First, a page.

My first few days on the South Island were, I admit… disappointing. The weather was the main culprit, with clouds, rain, fog, mist, deluge, spritz, downpour, misty fog and foggy mist before all was said and done.
I spent a couple days in the Golden Bay area, which consistently wins the “most hours of sunshine annually” for New Zealand weather. Yeah, well, not while I was there.
I tried to hike to Mt. Owen, used as a location in the Fellowship of the Ring for one of my favorite scenes: right after Gandalf falls into shadow at the Bridge of Khazad-Dun and the rest of the fellowship races out of Moria and into daylight where most of them collapse, weeping at his apparent death.
Well, as the farmer whose land I had to cross helpfully told me “dunno ’bout that trail.” The trail I took hadn’t been maintained since the summer, and had plenty of fallen trees blocking its way, mud, washouts, etc. I muddled through for an hour before deciding it was foolish to continue given that, with the weather, I wouldn’t see anything anyway. Later, reading up on Mt. Owen online, I learned that I’d chosen the most difficult approach and would have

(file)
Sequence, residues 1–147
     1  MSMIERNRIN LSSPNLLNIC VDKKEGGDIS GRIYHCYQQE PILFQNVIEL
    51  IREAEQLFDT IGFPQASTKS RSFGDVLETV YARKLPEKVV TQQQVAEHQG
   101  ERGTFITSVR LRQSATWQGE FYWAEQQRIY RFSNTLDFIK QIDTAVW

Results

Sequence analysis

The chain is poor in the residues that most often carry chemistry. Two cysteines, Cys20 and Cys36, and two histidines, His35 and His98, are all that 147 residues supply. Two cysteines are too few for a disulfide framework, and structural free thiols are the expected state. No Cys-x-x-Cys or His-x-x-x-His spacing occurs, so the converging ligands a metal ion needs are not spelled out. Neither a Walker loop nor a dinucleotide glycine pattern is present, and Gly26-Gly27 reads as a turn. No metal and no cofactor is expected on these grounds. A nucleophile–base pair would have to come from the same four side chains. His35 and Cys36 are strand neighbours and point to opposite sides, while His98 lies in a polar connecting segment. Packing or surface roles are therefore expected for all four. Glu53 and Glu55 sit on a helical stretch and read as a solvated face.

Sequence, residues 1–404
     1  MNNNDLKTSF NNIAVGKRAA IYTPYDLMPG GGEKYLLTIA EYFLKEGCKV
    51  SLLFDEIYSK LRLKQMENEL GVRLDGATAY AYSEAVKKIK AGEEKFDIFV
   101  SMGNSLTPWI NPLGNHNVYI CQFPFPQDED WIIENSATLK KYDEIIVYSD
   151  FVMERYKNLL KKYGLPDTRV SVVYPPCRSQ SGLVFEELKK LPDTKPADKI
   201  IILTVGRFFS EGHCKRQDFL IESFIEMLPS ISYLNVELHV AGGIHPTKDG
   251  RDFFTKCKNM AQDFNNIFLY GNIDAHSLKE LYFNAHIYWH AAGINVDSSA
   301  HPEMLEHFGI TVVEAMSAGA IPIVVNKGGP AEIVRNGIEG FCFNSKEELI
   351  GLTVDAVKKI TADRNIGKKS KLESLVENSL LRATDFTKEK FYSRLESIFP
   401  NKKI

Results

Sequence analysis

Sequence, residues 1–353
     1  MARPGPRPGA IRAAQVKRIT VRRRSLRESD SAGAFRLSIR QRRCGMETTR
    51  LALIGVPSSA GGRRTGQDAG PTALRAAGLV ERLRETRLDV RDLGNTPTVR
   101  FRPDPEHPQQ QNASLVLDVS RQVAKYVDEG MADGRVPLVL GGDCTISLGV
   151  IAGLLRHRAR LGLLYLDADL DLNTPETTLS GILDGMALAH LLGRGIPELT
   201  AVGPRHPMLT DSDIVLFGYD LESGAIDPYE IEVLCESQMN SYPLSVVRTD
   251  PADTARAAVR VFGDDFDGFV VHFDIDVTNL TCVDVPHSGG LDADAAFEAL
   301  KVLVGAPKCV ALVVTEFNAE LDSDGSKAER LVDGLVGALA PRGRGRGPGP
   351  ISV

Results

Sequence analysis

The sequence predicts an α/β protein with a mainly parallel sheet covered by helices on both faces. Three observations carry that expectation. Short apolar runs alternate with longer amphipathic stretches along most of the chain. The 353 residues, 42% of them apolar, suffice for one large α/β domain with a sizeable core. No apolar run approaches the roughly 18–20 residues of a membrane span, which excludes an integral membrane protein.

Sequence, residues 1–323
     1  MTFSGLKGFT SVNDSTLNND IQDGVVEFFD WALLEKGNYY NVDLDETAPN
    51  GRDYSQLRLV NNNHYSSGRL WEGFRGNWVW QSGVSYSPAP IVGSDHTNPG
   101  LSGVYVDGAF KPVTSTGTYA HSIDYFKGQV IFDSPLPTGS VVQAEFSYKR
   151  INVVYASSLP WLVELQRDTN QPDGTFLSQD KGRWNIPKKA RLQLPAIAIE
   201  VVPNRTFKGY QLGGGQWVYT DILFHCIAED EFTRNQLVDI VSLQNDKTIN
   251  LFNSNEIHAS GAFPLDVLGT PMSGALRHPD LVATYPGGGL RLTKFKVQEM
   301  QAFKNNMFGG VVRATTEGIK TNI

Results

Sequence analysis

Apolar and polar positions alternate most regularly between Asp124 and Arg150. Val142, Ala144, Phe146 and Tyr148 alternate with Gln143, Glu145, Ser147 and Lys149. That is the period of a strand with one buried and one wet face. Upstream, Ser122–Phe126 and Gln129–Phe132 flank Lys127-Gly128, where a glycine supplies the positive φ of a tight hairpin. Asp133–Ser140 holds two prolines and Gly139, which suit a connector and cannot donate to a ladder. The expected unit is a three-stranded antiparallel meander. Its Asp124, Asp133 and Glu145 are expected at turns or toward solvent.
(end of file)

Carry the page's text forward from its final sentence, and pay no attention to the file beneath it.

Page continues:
needed an ice axe and crampons before all was said and done.
I’ll meet you again, Mt. Owen, this time from the merely “moderately difficult” approach!
I had a lovely camp at Lake Rotoiti in the Nelson Lakes area before admitting defeat and leaving the region to chase sunnier weather… but not before sampling the local seasonal delicacy… whitebait.
The whitebait season runs from September to November along the western coast of the South Island and creates the kind of frenzy usually seen only in certain Up Nort’ Wisconsin towns during deer-hunting season or along the California coast when it’s Dungeness time.
I got myself a whitebait fritter sandwich in Takaka and… was so underwhelmed, I can’t even put it into words. To be fair to the humble whitebait (actually the juvenile river smelt), presentation was somewhat lacking. It was a flat pancake on white “Wonder”-style bread with no condiment or garnish. The fritter itself looked to be full of white fish bits, but was completely unseasoned and tasted of soggy, overcooked egg more than anything. I haven’t eaten mushy white bread in years, except occasionally as toast at an English B&B, but wow. I had forgotten how disgusting it could be. So mushy and tasteless and lifeless that I felt like I was eating a kitchen sponge soaked in dishwater rather than bread. With the mushy, soggy, tasteless whitebait fritter squashed in between the two pieces of bread, well, you get the idea.
Horrific. The most disgusting thing I’ve eaten here in New Zealand, and trust me, some of those scones were pretty awful.